The KIDS COUNT Data Book is an annual publication that assesses child well-being nationally and ranks the 50 states. To take advantage of the tremendous growth in research and data about child development, the 2012 report introduces a new, more comprehensive measure of child well-being -- a composite index derived from 16 key indicators grouped into four domains: (1) economic well-being, (2) education, (3) health and (4) family and community. The three highest ranked states for overall child-being in 2012 were New Hampshire, Massachusetts and Vermont; the three lowest ranked states were Nevada, New Mexico and Mississippi. At the national level, children experienced gains in education and health, showing continued incremental improvement in line with longer-term positive trends. But economic well-being declined: child poverty increased, more children had parents who lacked secure employment and more children lived in families that faced high housing cost burdens. Results for the family and community domain were mixed.
Despite the end of the recession, the economic well-being of children and families deteriorated.
Findings & Stats
Family and community trends were mixed. On the positive side, both the teen birth rate and the percent of children whose parents lack a high school diploma declined slightly. But the percent of children living in concentrated poverty increased and more children were living in single-parent families.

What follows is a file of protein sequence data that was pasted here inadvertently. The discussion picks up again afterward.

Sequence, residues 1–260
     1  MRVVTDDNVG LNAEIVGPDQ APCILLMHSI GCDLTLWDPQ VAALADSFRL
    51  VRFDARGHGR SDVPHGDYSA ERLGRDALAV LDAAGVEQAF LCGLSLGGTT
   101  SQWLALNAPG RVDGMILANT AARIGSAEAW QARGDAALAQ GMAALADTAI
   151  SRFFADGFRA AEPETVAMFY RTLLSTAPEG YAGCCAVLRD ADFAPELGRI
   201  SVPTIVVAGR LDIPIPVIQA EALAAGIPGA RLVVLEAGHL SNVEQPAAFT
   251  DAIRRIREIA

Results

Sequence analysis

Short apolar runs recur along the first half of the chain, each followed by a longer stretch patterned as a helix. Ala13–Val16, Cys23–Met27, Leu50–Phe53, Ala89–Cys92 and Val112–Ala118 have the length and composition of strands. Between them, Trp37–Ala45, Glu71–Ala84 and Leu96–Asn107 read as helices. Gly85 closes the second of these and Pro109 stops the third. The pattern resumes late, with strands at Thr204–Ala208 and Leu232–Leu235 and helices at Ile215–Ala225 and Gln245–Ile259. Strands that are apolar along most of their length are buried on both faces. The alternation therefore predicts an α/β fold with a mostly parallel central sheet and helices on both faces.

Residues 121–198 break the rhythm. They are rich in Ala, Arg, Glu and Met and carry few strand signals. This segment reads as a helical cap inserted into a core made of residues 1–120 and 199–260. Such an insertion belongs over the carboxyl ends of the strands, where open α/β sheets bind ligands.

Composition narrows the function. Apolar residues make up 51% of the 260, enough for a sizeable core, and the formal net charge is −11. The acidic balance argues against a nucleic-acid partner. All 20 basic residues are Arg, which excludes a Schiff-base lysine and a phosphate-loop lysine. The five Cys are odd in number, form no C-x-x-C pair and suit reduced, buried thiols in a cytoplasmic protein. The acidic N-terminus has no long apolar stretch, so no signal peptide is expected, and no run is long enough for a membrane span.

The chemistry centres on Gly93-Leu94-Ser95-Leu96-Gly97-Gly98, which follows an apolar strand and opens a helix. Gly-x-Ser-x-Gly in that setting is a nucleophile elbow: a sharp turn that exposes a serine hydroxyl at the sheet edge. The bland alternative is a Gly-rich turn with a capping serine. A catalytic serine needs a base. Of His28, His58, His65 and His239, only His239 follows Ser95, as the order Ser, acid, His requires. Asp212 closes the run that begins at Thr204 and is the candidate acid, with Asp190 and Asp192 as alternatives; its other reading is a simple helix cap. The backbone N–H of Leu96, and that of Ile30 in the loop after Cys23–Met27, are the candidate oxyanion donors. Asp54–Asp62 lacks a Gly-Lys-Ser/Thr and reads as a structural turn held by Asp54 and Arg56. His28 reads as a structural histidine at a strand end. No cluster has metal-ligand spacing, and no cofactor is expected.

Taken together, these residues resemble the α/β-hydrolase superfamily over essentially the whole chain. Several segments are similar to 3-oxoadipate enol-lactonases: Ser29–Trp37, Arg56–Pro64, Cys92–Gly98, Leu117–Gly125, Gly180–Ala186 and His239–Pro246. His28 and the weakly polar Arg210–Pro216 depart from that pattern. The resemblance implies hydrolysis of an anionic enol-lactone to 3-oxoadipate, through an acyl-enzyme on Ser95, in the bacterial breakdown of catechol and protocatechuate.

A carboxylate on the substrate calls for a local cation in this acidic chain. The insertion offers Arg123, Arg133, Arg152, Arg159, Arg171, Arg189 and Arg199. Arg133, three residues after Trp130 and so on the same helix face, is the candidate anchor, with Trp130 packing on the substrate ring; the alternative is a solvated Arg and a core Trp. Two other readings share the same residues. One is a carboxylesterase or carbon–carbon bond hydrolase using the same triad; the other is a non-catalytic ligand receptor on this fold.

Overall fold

Inequities Among Children
Despite tremendous gains in recent decades for children of all races and income levels, inequities among children remain deep and stubbornly persistent. In 2010, 13% of white children lived in poor families compared to 38% of African-American and 32% of Latino children.
Northeastern States Come Out On Top
Regionally, all northeastern states ranked in the top 15 on overall child well-being except for Rhode Island and New York, both of which fell in the middle.
States in the Midwest
States in the industrial Midwest ranked in the middle on overall child well-being, while some of the states farther west—Minnesota, North Dakota, Iowa and Nebraska—were in the top 10.
States in the Southeast, Southwest, and Appalachia
States in the Southeast, Southwest and Appalachia—where the poorest states are located—populate the bottom of the overall rankings. In fact, with the exception of California, the 17 lowest ranked states in terms of child well-being are located in these regions.
Statements & Quotations
As we release this year’s Data Book,, our 23rd, America’s children and families face a crossroad. After the worst economic crisis since the great Depression, our economy has begun to slowly recover. Unemployment has declined and state revenues are trending upward. But the recovery is fragile. Many families are still coping with hardship caused by a long and deep recession, and states and localities still face serious fiscal challenges.
Unlike the domains of Education and Health, where children are benefiting from long-term progress overall, the Economic Well-Being of children and families has plummeted because of the recession. After declining significantly in the late 1990s, child poverty began to rise even before the economic crisis. In 2000, the official child poverty rate, which is a conservative measure of economic hardship, was 17 percent. From 2000 to 2010, the number of children living in poverty jumped from 12.2 million to 15.7 million, an increase of nearly 30 percent.